by Bobby Anderson, Staff Writer
Growing up in the tiny borough of Hummelstown, Pennsylvania, Bruce Heikes would travel most weekends and summers to nearby Hershey around midnight to don an apron.
At age 15, he worked for Louis Memmi, who owned G. Memmi and Sons Bakery.
“Man you roll down the window on the way there and you can just smell the chocolate,” Heikes said. “It’s overpowering it smells so good.”
It was in the shadow of the Hershey’s Chocolate empire that Heikes’ career began to rise.
More than 40 years later, Heikes continues to pour his artistry and love for what he does into everything he bakes at Johnnie’s Sweet Creations in Oklahoma City.
The shop at 8419 S Western is not only Heikes’ livelihood, it’s his life.
It’s easy to see when children walk into the shop and a big smile spreads across his face.
“Who wants a cookie?,” he says, with a grin that’s always returned with one just as big.
IN IT FOR THE DOUGH
Growing up, fresh-baked goods were the norm.
The bakery where Heikes learned to bake bread had a delivery truck that made daily rounds to all the supermarkets.
There were no plastic-wrapped, preservative-laden loaves that could sit on store shelves for weeks at a time.
“You’ve got to worry when you take a loaf of bread you just bought and put it on top of the refrigerator where the heat comes up from the back and it keeps for a month,” Heikes said. “They’ve got so many preservatives in there you could die and still keep going for weeks.”
His brother-in-law brought Heikes and his brother, Ron, to Oklahoma to work for Skaggs Albertson’s.
A move to Buy For Less as a bakery and deli manager followed as did a stint in Ingrid’s Kitchen.
He eventually became a food broker for a company that sold bakery products to the warehouse that sells to many Oklahoma grocery stores.
It was a Monday through Friday job, something Heikes never had.
But for some strange reason, he wanted to own a bakery.
Heikes knew the previous owner of Johnnie’s Sweet Creations, who purchased the store in 2000. An illness forced her to put the business up for sale in 2012.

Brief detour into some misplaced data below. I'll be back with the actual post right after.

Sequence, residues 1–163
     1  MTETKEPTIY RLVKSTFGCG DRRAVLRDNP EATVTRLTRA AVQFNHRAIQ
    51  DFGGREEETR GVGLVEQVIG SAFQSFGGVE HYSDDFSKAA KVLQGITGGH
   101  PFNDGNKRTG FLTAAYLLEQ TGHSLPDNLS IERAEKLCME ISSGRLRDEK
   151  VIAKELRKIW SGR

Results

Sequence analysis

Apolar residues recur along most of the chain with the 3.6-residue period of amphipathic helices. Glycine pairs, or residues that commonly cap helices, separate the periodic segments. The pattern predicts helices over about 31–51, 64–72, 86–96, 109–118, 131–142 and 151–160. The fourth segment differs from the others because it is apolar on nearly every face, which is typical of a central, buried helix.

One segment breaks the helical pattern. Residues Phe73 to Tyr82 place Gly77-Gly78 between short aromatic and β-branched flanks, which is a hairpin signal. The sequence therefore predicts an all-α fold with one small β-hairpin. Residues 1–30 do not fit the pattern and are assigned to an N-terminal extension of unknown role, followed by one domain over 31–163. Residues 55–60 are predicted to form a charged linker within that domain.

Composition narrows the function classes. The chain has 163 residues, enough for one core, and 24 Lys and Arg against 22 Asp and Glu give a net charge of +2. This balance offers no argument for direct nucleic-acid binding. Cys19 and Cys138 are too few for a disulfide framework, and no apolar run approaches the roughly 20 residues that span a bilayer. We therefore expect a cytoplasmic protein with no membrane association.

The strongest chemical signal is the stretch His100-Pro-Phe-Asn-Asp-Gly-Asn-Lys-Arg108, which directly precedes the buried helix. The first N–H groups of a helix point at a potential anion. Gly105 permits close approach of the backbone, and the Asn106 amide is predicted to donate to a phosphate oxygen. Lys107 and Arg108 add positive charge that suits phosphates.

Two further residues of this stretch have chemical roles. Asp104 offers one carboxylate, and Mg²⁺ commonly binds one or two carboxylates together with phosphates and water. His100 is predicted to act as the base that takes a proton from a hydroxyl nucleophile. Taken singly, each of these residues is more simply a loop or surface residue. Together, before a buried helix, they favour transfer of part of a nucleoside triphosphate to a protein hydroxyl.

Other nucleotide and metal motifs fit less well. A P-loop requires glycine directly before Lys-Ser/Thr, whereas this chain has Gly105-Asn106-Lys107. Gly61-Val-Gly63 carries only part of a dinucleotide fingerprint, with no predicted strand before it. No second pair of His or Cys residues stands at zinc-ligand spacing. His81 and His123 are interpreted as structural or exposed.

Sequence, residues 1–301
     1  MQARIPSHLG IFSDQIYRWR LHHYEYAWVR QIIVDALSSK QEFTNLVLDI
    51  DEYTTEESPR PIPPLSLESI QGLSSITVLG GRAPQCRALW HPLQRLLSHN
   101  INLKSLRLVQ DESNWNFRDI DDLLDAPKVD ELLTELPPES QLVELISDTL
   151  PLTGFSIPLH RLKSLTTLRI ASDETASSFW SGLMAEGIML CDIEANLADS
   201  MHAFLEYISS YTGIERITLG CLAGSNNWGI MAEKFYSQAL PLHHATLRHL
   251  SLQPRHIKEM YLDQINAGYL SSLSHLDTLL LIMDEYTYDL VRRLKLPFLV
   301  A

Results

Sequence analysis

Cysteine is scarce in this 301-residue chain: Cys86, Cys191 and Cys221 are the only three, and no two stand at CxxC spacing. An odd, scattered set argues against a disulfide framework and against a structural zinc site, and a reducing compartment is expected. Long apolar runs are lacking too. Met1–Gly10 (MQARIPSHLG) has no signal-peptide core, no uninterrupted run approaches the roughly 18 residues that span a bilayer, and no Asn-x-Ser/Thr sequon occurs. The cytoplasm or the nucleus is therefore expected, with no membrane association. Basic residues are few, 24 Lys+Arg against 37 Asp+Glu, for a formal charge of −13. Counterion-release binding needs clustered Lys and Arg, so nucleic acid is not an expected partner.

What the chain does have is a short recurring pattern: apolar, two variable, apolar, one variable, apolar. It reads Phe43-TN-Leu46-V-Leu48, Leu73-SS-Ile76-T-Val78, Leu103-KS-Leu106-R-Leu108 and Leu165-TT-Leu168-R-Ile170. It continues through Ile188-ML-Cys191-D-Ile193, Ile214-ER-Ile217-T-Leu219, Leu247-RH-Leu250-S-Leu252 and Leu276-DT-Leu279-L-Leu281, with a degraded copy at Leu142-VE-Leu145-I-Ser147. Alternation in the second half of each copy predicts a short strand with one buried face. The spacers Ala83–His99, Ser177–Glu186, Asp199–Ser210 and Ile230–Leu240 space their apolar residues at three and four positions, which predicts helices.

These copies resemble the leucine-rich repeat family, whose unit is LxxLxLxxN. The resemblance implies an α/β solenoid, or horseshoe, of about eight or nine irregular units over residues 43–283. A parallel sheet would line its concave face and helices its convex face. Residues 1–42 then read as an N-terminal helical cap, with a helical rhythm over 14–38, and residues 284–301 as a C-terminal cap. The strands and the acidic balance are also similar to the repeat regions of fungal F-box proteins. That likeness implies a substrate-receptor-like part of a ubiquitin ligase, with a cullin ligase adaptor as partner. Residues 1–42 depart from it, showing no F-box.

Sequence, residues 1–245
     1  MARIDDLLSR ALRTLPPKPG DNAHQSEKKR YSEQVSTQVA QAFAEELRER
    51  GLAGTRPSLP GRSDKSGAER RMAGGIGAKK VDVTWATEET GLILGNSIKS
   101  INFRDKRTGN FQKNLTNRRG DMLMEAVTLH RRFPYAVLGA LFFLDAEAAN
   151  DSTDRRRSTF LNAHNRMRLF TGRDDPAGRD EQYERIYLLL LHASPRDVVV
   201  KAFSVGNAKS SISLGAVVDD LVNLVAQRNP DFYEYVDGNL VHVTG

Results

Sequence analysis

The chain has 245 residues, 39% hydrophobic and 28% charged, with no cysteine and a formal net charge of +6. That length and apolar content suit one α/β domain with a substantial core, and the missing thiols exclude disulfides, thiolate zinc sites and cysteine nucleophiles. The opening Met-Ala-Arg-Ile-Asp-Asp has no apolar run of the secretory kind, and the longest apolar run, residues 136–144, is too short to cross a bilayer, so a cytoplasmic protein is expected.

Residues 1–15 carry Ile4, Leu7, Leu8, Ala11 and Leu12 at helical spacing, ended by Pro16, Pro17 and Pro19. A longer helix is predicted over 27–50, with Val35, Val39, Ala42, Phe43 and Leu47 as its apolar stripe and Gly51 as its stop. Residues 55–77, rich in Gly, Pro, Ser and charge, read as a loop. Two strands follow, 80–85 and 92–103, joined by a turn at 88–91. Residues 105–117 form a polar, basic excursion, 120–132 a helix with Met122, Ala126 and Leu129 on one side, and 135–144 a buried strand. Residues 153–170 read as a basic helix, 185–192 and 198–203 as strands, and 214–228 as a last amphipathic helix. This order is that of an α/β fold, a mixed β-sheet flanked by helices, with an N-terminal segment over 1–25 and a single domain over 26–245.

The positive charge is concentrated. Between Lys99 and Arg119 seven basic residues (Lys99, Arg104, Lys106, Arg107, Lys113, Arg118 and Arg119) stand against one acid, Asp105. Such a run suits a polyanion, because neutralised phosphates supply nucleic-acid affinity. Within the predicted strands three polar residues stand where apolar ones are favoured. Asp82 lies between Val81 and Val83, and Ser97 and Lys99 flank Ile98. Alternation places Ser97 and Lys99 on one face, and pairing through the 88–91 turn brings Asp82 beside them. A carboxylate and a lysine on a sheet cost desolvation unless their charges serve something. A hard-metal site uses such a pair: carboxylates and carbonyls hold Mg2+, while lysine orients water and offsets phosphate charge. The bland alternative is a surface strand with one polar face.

She called up Heikes and he was sold.
A few weeks later so was the business.
Now he makes less money, works Monday through Saturday – Sundays, too now through Christmas this time of year.
“Sometimes I think, why do I do this?,” Heikes said. “But mostly there is so much pleasure in making something good for these people and when they taste it and their eyes roll in their head … that stuff makes it all worthwhile. It really does.”
A RISING BUSINESS
Heikes’ daughters work at the store. His brother’s daughter works there. Both his wife and Ron’s wife – who are registered nurses – come in just before Christmas or Valentine’s Day when the store really needs the extra hands.
“We get such huge orders and I don’t want to turn them down,” Heikes said. “I don’t want to turn them down because of the money but I also don’t want to turn them down because I want to be there for them.”
With more than 40 years manning the ovens Heikes can take a loaf of bread in his hands, give it a squeeze and a quick smell and tell you what’s right – or not.
It’s why his employees come to him when something’s not quite right.
It’s truly an art.
That’s one reason he cringes every time he walks past a grocery store “bakery” aisle.
“I used to sell that stuff as a broker. Those cakes come in a box. They have a year shelf life and all of the icing comes in a bucket,” Heikes said.
Every week Johnnie’s makes six to seven 55-gallon barrels of butter creme icing from scratch.
“I probably go through at least 100 sheet cakes and just multitudes of eight-inch rounds and cutouts – not to mention the weddings,” Heikes said.
Heike’s favorite sweet in the store is his butter pecan brownies. He’s made them for 20 years at home.
“I could not show up to Thanksgiving or Christmas without bringing those butter pecan brownies,” he said with a laugh. “It’s a real simple recipe but it’s so rich and so good and it’s unique. You just don’t find them any other place.”
Ten years from now Heikes will be 67.
He hopes his son, Justin, is working the ovens.
“I hope I could bring him in here – maybe even one of my other sons – and teach him the legacy of doing this and carry this on,” said Heikes, who has eight children.
But whatever the future holds, Heikes doesn’t see himself venturing too far from the ovens.
After all, who doesn’t want a cookie?